Like other days of horrific events that one will remember for a lifetime, being drawn back into where I was, what I was doing, whom I was with on September 11, 2001 is burned into my memory.
With no inkling that that momentous day would play out in multiple locations from Boston to New York City to Newark, N.J.; to Washington, D.C. and a field near Shanksville, Pennsylvania, I opened our antique shop in the morning. A neighboring shop owner told me about the first airplane hitting one of the World Trade Center towers. I rushed into the shop and turned on our TV, just in time to see the second plane go smashing through the other tower, leaving an airplane-shaped silhouette where it had entered. I have to admit, the full ramifications of those events didn’t immediately hit me.
My horror lay in what would happen to the men and women who worked those airplanes. I have lived in their shoes. It was beyond my capability to fathom the incredible fear they must have felt, knowing they only had seconds to live. Then I thought about the passengers and their stunned reactions. Only then did I process that there were thousands and thousands of people working in those two buildings, many of whom would also perish.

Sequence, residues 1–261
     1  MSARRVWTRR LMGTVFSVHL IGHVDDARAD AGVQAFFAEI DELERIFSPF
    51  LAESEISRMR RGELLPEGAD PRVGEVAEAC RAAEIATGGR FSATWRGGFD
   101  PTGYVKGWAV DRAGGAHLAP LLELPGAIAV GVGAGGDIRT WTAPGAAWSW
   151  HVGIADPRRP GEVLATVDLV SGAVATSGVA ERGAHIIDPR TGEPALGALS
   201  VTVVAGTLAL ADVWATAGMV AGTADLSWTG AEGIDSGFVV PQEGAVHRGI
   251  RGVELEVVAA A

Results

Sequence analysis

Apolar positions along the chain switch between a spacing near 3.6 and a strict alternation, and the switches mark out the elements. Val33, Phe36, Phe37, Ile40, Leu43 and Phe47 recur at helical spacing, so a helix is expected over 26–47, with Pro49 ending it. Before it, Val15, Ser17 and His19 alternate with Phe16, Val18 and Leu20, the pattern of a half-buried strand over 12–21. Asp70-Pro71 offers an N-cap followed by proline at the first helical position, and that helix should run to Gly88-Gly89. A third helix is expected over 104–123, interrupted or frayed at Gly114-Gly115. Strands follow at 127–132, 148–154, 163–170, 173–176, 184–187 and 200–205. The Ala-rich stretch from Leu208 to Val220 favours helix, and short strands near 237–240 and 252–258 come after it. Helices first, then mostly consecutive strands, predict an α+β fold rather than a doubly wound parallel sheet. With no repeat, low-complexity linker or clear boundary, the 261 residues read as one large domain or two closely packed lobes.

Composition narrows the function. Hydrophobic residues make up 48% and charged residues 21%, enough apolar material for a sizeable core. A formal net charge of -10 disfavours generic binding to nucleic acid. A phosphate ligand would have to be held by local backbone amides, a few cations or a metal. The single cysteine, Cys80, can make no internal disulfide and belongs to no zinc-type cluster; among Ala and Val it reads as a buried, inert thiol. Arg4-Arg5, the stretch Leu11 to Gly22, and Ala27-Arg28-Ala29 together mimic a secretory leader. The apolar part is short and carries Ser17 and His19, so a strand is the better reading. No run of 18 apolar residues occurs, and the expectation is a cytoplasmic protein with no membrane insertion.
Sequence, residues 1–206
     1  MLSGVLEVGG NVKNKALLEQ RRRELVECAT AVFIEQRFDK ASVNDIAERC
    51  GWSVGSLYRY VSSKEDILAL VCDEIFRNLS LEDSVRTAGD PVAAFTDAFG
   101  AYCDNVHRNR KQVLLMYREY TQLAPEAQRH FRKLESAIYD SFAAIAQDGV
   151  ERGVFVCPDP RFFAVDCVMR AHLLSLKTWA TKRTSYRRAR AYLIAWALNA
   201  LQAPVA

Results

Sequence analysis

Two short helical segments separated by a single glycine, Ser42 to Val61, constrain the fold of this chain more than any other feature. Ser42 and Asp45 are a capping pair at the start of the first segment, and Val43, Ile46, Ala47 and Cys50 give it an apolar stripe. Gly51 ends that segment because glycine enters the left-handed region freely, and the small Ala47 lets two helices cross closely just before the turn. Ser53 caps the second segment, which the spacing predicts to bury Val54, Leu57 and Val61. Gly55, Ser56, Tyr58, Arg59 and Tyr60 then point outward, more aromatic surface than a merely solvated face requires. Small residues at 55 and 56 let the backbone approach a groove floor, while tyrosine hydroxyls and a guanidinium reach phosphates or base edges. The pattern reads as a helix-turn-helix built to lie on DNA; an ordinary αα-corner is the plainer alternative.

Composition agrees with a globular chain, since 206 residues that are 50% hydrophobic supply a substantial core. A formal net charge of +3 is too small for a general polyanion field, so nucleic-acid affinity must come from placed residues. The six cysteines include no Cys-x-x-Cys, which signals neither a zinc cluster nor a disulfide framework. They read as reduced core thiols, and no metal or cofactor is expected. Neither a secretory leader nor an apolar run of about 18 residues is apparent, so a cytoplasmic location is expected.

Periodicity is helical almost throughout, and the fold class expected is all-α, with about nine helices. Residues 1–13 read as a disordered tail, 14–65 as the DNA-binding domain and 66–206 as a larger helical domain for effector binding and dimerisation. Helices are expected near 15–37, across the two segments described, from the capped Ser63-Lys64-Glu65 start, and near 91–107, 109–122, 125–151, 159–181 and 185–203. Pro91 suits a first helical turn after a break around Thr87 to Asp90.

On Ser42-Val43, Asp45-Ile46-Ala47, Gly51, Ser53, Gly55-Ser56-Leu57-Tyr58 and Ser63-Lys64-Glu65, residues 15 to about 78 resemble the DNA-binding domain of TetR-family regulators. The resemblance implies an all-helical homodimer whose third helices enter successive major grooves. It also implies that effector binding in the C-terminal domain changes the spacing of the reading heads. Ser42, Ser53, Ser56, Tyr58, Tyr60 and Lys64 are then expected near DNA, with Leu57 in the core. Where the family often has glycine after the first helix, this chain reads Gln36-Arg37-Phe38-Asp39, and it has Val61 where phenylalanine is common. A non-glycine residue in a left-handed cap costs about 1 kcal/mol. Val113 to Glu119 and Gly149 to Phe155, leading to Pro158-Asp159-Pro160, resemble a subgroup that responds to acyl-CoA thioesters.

Two planes had been hijacked by terrorists, suspected of being members of al-Qaeda, from Boston that were due to fly cross-country. They were, in airplane lingo, ‘heavy and wet,’ or fully loaded with passengers and fuel. An American Airlines 757 left Boston to go to Los Angeles (LAX). A few moments later, a United Airlines flight took off from the same airport, also en route to LAX. An American plane took off from Dulles International Airport in Virginia to fly to LAX as well. A United flight took off from Newark, destination San Francisco. None would make their destinations. Instead, the first two hijacked planes hit the World Trade Center towers, bringing them down. A third crashed into the Pentagon. The fourth, now being flown by the hijackers, went down in a field in Pennsylvania after crew members and passengers tried to regain control of the plane. Fearing they might be successful, the hijackers intentionally flew it into the ground. Its terrible final crashing point was likely the White House.
Similar to the day that President John F. Kennedy was shot and killed in Dallas; similar to the day that suspected Kennedy killer Lee Harvey Oswald was shot and killed by Jack Ruby on national television, the 9-11 event is emblazoned on memories. Each year on that date, we pause to reflect, to mourn for those involved, to pray for our country. We’ve been isolated for many years from the type of horrific tragedies that other countries have faced for centuries.